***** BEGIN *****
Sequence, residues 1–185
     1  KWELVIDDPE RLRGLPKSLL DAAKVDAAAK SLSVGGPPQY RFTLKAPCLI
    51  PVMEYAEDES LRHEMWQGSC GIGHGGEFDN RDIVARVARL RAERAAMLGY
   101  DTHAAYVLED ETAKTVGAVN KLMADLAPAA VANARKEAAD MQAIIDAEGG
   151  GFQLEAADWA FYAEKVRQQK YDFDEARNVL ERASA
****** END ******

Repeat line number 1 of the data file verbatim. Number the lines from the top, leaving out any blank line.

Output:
Sequence, residues 1–185